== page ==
The Great Lakes encircle Michigan, so Michigan’s coastline is surrounded in near total darkness, making it a top spot in the United States for stargazing. Michigan offers six dark sky preserves and three internationally designated Dark Sky Parks. While you’ll find other places great for stargazing in Michigan, especially in the Upper Peninsula, this article focuses on those areas named explicitly as dark sky preserves or International Dark Sky Parks.
Since getting engaged in stargazing involves some late nights, sometimes it’s easiest to plan to stay overnight. For that reason, I’ve mentioned camping options and other accommodations at each park.
While I listed dark sky preserves and then International Dark Sky Parks, they’re in no particular order within each category.
1. Lake Hudson Recreation Area
Nestled in the green, rolling Irish Hills of Lenawee County in southeastern lower Michigan, you’ll find the Lake Hudson Recreation Area. In 1993, the area became Michigan’s first dark sky preserve. The site is approximately 2,796 acres, encompassing the 600-acre Lake Hudson.
The preserve offers low light, using special light fixtures with motion sensors to minimize light pollution. While this park doesn’t have strict light usage rules, they remind guests about minimizing lights at campsites and in their cars. Two of the best places to set up to view the night sky in the preserve are the beach or picnic parking areas, as you won’t find as many people in the evening.
If you want to maximize your dark sky viewing, they have a semi-modern campground with 50 campsites with electrical service. Unfortunately, the restrooms are vault toilets, and you won’t find showers. Instead, the water is via a hand pump. You’ll also find a semi-modern cabin with a lake view that sleeps three.
Pro Tip: Astronomer’s Forecast
Check out the Clear Sky Chart to determine the best time to view the night sky at Lake Hudson Recreation Area. The chart provides hour-by-hour information on factors like darkness and cloud cover so that you’ll know the best viewing times to see galaxies and planets with your telescope.
2. Negwegon State Park
Situated on U.S. Highway 23, between Alpena and Harrisville on Lake Huron, Negwegon State Park offers 4,118 acres of undeveloped land, perfect for stargazing. If you’re looking to lay on the beach and watch the stars, they provide a mile-long sandy beach on Lake Huron.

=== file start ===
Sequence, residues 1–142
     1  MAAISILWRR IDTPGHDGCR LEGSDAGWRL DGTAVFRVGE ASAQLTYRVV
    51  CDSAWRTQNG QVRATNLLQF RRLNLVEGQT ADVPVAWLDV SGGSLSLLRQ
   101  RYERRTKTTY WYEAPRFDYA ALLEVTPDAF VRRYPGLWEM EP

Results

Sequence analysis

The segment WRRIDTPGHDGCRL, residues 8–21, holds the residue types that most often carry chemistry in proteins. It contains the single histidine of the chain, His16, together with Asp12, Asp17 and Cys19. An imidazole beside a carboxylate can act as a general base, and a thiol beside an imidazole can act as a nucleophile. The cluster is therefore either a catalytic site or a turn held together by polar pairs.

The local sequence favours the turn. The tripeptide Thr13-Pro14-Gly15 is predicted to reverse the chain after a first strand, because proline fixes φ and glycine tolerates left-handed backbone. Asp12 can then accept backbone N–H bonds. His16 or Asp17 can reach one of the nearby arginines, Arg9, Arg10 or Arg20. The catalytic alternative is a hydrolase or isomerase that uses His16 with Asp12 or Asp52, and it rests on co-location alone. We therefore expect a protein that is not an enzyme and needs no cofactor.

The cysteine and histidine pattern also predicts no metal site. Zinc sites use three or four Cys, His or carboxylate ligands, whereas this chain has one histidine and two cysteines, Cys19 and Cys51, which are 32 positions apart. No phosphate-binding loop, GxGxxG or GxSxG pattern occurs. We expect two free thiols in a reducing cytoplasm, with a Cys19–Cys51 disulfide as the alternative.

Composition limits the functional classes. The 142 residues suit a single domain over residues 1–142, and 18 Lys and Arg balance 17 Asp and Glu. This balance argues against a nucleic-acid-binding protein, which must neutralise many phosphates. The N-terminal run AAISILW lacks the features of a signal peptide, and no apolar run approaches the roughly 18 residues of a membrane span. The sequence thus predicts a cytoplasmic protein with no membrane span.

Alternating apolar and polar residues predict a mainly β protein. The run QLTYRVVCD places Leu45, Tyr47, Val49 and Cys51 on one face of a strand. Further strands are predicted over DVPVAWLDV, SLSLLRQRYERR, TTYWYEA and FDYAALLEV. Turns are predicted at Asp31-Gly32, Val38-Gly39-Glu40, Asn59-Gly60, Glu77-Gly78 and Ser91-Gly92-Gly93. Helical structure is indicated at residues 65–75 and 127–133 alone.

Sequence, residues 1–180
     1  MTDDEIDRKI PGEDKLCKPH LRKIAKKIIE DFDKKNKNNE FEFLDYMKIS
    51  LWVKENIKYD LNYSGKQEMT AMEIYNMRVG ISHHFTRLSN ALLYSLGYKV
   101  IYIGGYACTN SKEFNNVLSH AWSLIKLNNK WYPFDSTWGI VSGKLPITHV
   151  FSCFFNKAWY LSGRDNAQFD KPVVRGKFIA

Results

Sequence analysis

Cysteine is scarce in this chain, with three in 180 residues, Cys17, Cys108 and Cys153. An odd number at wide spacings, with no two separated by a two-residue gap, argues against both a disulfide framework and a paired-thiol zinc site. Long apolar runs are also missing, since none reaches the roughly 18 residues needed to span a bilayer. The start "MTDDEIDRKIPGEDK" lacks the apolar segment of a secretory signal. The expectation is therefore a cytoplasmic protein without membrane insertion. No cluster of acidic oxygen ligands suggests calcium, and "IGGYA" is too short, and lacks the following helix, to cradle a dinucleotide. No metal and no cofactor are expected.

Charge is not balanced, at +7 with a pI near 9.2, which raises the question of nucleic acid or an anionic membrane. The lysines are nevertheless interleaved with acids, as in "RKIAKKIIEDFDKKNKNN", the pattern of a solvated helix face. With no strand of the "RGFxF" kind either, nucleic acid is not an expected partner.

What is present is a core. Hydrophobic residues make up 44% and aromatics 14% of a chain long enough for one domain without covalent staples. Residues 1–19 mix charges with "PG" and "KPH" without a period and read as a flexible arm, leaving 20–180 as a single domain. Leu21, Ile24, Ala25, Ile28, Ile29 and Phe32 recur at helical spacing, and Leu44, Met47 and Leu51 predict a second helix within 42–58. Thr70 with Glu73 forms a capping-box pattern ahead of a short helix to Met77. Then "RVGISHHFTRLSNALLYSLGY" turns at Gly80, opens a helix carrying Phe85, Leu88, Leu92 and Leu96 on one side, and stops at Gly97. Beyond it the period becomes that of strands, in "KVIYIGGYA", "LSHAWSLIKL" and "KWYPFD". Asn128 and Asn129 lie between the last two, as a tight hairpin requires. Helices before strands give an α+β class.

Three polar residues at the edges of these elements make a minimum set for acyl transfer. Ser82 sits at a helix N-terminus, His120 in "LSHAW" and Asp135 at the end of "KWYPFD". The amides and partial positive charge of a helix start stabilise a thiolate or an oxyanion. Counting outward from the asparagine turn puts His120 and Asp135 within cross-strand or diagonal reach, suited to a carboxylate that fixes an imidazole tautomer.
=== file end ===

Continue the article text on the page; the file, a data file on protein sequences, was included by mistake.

The park features four hike-in rustic campsites open from April through November. The campsite hikes are one and two miles from the main parking lot.
While you’re in the area, a fun daytime activity while you’re waiting for the sun to set is the Great Lakes Maritime Heritage Center in Alpena, about 20 miles north of the park. They have 10,000 square feet of interactive exhibits, and admission is free.
Pro Tip: Sandy Roads
When you visit Negwegon State Park, be aware that the access roads are frequently sandy, and you may need a four-wheel-drive vehicle to enter.
3. Rockport State Recreation Area
Presque Isle County
Situated on the shores of Lake Huron, north of Alpena, the Rockport State Recreation Area is 4,237 acres and is the perfect destination for stargazers. The recreation area, along with Negwegon State Park and Thompson’s Harbor State Park, has some of the lowest measured light pollution in the Great Lakes. In addition, since the park is under dark sky protection, it’s a great place to view stars at night with the naked eye. Often visible are the swirls of the Milky Way. You may even see the aurora borealis, or northern lights.
During the day, amateur archaeologists and dinosaur-loving kids will enjoy the abandoned limestone quarry where they can dig for over 400-million-year-old fossils. In addition, the kids will love that you’re allowed to remove up to 25 pounds of fossils from the park each year. This park is Michigan’s 100th state park and is mostly undeveloped.
Pro Tip: No Camping Gear, No Problem
If you’d like to go camping, but don’t want to invest in all the gear, try renting one of the Michigan state park overnight options. They have everything from geodesic domes to safari-style tents and yurts.
4. Thompson’s Harbor State Park
Presque Isle County
With 7.5 miles of Lake Huron coastline near Rogers City, Thompson’s Harbor State Park is comprised of 5,109 rustic acres. Hikers will find 6 miles of trails to enjoy.
For those wanting to enjoy the night sky, you can stay overnight in one of two rustic cabins. The Cedar Haven Cabin and Stone Path Cabin each sleep up to six people with a pull-out couch and two bunk beds. Each cabin includes a gas stove and lanterns, outdoor hand pumps, and vault toilets. While you’re still roughing it, it’s a step up from a tent. The two rustic cabins are also available for winter camping.